JTH – Abstracts: 2014 – Volume 1 – Issue 2

2014 Volume 1 Issue 2

The impact of health problems on driving status among older adults

Abstract

Objective

This study assessed the impact of health problems on driving status (current driver vs. ex-driver) among older adults to identify which of those health problems have the greatest individual and population impact on driving cessation.

Methods

Data were from baseline and a 5 year follow-up wave of a longitudinal survey of adults aged 55 years and older (N=1279). The impact of several health problems on driving status was assessed using a relative risk ratio and a population attributable risk percent. Analyses controlled for age, gender, and the presence of additional baseline health problems.

Results

Many health conditions were not associated with driving cessation. Functional limitations, cognitive function, and measures of vision were significant predictors of driving cessation. Self-care functional limitations were associated with the highest risk for driving cessation, while visual function was associated with the highest attributable risks.

Discussion

In order to effectively address healthy aging and mobility transitions, it is important to consider the implications of targeting individuals or populations who are most at risk for driving cessation. The risk ratio is relevant for evaluating individuals; the attributable risk is relevant for developing interventions in populations.

The need for consistency and equity in driver education and assessment post-stroke

Abstract

People who are unable to resume driving after a stroke often experience reduced participation. Return to driving is made difficult by inconsistencies in knowledge regarding legislation, the occupational therapy driving assessment process and access to services. As a result, inequities exist between and within states and territories of Australia. Some drivers miss out on, or bypass formal assessment, while other drivers experience rigorous assessment which may result in licence cancellation. In this viewpoint, the authors propose a way forward to increase the equity of access to driver education and assessment post-stroke in Australia. Strategies proposed to improve consistency and equity include greater education, evidence based written documentation of procedures, a systematic review of current off-road driver assessments and the transfer of administration of driving assessment services from health to transport authorities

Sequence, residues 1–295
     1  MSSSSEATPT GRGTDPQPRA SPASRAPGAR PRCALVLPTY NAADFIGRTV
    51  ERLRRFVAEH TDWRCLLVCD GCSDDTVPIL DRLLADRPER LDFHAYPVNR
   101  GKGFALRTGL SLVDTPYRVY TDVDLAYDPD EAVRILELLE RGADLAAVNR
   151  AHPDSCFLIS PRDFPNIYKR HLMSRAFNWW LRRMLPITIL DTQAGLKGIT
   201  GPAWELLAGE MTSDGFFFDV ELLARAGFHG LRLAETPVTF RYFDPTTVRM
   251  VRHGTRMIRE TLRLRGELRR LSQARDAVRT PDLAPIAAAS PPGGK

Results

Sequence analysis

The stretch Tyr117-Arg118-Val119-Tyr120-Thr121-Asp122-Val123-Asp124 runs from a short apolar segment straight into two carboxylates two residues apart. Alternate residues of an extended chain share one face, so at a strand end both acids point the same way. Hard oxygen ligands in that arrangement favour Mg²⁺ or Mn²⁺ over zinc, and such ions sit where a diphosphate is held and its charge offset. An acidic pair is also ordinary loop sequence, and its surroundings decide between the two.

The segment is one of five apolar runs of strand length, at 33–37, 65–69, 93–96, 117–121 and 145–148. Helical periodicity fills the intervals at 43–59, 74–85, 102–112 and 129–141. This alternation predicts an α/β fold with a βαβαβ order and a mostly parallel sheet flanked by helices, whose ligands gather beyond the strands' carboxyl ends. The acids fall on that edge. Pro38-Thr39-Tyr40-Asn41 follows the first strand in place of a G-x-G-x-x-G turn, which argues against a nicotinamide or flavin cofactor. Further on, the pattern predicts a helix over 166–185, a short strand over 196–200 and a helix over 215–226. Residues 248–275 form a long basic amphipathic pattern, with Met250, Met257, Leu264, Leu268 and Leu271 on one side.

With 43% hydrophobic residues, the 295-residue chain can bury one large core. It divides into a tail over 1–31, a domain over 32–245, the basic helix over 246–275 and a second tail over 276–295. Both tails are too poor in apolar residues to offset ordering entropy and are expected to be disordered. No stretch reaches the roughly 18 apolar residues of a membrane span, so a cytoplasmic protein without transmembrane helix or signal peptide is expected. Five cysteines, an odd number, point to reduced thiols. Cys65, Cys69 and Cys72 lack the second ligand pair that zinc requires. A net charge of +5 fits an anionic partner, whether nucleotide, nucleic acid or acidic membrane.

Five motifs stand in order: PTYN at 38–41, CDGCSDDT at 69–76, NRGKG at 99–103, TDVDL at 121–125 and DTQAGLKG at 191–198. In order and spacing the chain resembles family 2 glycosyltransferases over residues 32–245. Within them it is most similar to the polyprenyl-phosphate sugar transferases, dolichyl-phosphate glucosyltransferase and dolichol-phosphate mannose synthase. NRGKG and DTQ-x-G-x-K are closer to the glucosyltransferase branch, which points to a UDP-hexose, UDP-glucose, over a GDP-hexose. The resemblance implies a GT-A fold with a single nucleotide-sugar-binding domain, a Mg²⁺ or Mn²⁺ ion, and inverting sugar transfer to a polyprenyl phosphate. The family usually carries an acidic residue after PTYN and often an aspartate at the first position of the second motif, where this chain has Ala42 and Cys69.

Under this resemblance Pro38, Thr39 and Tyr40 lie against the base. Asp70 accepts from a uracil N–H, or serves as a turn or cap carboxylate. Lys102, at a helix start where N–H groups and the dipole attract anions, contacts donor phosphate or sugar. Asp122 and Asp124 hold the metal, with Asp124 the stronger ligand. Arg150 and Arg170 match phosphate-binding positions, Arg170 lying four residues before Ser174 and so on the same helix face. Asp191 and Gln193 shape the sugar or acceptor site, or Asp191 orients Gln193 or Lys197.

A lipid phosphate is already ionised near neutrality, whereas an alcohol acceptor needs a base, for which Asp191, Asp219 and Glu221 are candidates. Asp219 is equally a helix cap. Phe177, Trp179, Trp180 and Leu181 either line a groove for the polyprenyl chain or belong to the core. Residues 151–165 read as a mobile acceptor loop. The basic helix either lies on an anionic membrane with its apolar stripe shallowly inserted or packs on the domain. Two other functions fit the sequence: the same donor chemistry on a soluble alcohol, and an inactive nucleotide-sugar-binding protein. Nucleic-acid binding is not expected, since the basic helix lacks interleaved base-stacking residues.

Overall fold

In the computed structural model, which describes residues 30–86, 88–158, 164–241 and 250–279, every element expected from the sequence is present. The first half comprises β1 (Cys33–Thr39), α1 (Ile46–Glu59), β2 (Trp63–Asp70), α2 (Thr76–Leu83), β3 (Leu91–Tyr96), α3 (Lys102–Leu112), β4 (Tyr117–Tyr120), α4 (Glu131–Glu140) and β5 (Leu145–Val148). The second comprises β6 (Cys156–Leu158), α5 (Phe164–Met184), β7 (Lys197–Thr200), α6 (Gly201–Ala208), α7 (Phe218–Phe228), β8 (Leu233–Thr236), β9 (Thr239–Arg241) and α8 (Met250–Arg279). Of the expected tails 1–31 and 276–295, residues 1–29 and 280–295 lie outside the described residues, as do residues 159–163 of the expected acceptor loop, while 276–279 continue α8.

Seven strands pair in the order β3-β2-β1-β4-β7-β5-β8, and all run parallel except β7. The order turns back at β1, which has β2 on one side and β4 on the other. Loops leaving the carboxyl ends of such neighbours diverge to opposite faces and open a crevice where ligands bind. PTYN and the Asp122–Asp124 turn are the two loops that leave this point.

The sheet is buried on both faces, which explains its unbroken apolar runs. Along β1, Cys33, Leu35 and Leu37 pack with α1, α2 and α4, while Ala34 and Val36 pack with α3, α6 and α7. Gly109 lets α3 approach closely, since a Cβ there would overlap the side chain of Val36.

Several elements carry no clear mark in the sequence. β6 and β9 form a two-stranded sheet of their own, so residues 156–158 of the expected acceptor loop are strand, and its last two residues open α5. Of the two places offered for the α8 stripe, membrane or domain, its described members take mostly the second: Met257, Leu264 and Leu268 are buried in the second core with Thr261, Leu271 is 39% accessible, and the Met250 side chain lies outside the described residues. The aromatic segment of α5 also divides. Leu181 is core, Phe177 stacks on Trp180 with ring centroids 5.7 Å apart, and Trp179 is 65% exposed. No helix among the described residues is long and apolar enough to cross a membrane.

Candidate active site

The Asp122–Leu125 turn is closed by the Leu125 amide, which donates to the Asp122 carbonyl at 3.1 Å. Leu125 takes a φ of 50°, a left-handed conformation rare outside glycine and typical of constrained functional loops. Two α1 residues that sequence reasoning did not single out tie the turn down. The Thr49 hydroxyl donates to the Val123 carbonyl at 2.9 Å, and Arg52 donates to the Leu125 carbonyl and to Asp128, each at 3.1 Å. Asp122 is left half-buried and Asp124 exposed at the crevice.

Shifting short motorized trips to walking: The potential of active transportation for physical activity in Montreal

Abstract
Objectives

To estimate the number of walking steps resulting from shifting short motorized trips to walking at a population level and determine the weight gain from not operating this transfer.

Methods

Analyses are based on data from the 2008 Origin-Destination Survey carried out in the Greater Montreal Area (Canada). This survey collects geocoded information on all trips (motorized or not) made by 5% of the population during a typical weekday. Using appropriate stride lengths for various population segments, short motorized trips were converted into steps to see how many steps per day could be performed by transferring these trips to walking. Until they are performed, these steps are accounted for “steps in reserve”.

Results

During a typical 2008 weekday, 7.72% of daily motorized trips were flagged as walkable. These trips account for 608 million steps, an average of 2380 daily steps per person. Shifting short motorized trips to walking would allow 8.33% of the population to increase its level of daily physical activity.

Conclusions

Shifting short motorized trips to walking offers a valuable opportunity for increasing daily physical activity and might also help reduce weight gain at a population level.

Parent safety perceptions of child walking routes